Phillips $139m Auction is 3rd Highest

Phillips, the nice-guy alternative in the art market, carves out consistent market share.

LiveArt After Action Report:  Phillips Evening Sale (New York)


Total: $138,977,600 with 98% sold (43/44 + 2 withdrawn)
Composition of Results:  21% above/ 42% within/ 37% below estimates 
Aggregate Low Estimate: $114,800,000
Aggregate Hammer: $115,710,000
Hammer Ratio: 1.01
Average Lot Value: $3,232,037

 

The nice guy of the art market: Phillips has now posted its three highest auction totals over the last three seasons since Stephen Brooks took the reins. Their success seems to be a mixture of positioning themselves as a viable alternative for major lots sold with third-party guarantees and a haven for art works that would get overshadowed by the big collections now driving the business. Once the house for developing markets—everybody plays that game now—Phillips is now the nice-guy alternative for selling solid seven-figure artworks. 

Twombly comeback: The top lot was a late Twombly painting once owned by François Pinault. It sold after polite bidding from advisor Jude Hess to Phillips’s dealmaker Jean-Paul Engelen. Gagosian’s Andrew Fabricant was present, keeping a watchful eye on the bidding. The price would appear to be a solid showing for Twombly after a similar work sold five years ago for nearly $5 million more. The Macklowe’s Twombly may have sparked renewed interest in Twombly’s monumental works but few believe the artist’s market has returned to the levels it was at five years ago. 

Grotjahn’s got some go-go: The overlooked story of the evening was the sale of the large Mark Grotjahn “face” painting, another artist whose public market was significantly more active five years ago. Earlier this year, a similar work made $7.5 million. This one made $9.8 million without a guarantee. Even with subdued bidding, the sale was Grotjahn’s second highest price at auction ever.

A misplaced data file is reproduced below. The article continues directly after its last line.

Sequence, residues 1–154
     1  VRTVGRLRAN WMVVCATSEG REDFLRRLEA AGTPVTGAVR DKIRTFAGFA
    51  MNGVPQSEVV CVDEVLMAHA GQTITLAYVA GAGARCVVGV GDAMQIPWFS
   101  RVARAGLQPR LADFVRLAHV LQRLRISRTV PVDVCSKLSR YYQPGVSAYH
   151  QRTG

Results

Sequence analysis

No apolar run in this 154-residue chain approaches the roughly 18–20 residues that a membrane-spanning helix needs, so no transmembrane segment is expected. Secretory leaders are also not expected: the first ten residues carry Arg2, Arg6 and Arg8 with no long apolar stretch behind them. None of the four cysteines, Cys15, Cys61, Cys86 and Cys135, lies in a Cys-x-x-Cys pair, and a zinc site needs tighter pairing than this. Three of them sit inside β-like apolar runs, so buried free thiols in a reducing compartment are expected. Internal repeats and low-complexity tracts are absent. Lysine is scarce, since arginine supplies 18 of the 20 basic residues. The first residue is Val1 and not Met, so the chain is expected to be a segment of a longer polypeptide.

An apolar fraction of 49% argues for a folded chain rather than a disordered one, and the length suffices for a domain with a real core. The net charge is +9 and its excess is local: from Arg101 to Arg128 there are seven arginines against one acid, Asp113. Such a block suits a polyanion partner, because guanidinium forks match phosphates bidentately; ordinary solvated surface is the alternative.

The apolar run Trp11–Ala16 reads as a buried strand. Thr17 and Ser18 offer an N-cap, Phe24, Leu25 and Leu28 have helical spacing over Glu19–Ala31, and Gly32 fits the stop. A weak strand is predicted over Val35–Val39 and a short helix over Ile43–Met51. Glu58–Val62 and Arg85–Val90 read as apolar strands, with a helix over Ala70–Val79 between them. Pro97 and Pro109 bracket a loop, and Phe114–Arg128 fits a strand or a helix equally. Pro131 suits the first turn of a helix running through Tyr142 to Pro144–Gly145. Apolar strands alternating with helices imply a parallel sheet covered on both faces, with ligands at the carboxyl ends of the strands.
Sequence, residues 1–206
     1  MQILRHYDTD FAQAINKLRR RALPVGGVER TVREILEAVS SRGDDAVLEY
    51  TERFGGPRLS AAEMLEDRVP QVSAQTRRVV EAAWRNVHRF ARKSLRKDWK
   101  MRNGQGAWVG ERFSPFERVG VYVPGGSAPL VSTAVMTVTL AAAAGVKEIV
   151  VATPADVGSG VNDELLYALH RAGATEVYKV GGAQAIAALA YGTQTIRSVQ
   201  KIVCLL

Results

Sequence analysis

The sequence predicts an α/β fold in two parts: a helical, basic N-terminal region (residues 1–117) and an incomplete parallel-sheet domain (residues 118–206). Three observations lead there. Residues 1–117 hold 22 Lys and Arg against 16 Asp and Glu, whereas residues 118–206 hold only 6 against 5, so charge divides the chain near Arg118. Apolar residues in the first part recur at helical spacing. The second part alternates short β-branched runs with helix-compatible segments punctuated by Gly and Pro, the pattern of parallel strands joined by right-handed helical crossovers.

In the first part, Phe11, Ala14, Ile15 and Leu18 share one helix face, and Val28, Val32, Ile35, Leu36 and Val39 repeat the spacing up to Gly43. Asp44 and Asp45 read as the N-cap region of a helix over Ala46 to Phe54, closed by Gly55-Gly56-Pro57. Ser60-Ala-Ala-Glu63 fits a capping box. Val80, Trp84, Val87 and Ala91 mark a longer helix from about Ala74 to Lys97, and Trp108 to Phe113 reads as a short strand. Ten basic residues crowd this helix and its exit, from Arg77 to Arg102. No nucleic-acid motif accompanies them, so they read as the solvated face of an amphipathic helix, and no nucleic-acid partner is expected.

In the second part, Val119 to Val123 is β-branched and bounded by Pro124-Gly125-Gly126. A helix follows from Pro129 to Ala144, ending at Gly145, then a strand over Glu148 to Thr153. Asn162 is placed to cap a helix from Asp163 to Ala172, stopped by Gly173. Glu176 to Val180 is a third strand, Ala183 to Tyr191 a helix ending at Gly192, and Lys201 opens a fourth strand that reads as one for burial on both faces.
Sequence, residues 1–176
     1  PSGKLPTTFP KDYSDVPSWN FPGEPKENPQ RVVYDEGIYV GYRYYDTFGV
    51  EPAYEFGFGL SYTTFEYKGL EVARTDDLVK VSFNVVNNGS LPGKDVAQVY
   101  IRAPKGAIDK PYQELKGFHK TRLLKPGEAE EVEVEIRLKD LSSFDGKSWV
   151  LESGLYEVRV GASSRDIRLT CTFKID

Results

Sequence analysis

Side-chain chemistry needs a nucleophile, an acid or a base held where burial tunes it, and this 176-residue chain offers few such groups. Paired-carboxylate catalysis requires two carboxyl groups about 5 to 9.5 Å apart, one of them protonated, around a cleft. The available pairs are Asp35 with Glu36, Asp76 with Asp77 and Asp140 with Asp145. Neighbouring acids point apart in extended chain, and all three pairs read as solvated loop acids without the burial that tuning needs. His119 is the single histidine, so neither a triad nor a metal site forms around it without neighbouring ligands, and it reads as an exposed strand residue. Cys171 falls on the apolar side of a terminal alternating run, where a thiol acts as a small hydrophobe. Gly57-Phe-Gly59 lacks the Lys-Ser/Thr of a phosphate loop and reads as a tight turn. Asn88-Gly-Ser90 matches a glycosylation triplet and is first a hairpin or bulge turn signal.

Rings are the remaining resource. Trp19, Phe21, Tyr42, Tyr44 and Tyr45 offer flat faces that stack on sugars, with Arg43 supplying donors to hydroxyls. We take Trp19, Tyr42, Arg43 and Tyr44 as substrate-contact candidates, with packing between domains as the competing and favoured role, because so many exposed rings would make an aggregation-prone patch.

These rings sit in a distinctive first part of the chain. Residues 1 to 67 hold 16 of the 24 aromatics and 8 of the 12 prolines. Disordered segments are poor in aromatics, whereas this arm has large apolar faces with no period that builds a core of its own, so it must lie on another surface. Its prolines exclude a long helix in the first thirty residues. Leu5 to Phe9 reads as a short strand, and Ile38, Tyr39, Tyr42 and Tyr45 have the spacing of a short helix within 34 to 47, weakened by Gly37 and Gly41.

Pricey Primary: The now-expected run of young artists in the first few lots was less impressive this time around. The first five lots were Ilana Savdie, Danica Lundy, Lauren Quin, Avery Singer and Rashid Johnson. The first three sold for low six-figure prices that look more like primary market sales but without the big premium for jumping the waitlist. Singer’s $1.7 million price was the seventh highest for the artist but hardly a head turner. Rashid Johnson’s mosaic work made his third highest price at $1.7 million too. Later in the sale, Maria Bérrio’s 2015 work sold for a new auction record at $1.6 million,  a shade above the previous high price set just last month in Hong Kong. Loie Hollowell made her fifth highest price at $1.3 million. That establishes a solid price band for Hollowell in the million-and-change range.

Bull shifts: Some of the hot artists on offer at Phillips faltered. There was an Amoako Boafo work that fizzled but there’s no telling if that’s directional or specific to the work. Lucy Bull had a work in the same format and similar size to her record-setting $1.4 million sale. Unfortunately, it sold for a third of that price.  

Abstraction traction: Solid sales for two Willem de Kooning works at Phillips came on the heels of Sotheby’s strong showing with David Sollinger’s Collage and a day sale success for a 1964 work Belle Bay that was acquired 12 years ago for $308,000 and sold at Sotheby’s for $1.04 million. That sale was near the low estimate. Phillips followed through with solid sales for an untitled work from 1977 that made $4.8 million being sold by an estate and the $3 million paid for a 1947 work, Event in a Barn, that also made the low estimate. Robert Motherwell’s 1968 work was bid to twice the low estimate to sell for $2.3 million. Works by Mark Bradford and Julie Mehretu sold for $4.2 and $4.3 million respectively. The Bradford sold for the low estimate but Mehretu’s bidding couldn’t reach the low. Nevertheless, the sale turned out to be Mehretu’s fifth highest price following her second highest set earlier this year. In a market priced to perfection, works can out-perform even when selling under the estimates. 

Katz confirmation: Alex Katz’s triptych The Grey Dress from 1982 made $2.2 million after solid bidding above the low estimates. Everybody involved knew the estimate didn’t reflect the market for Katz’s work at the moment. It sold for prices right in line with other recent public sales for Katz. 

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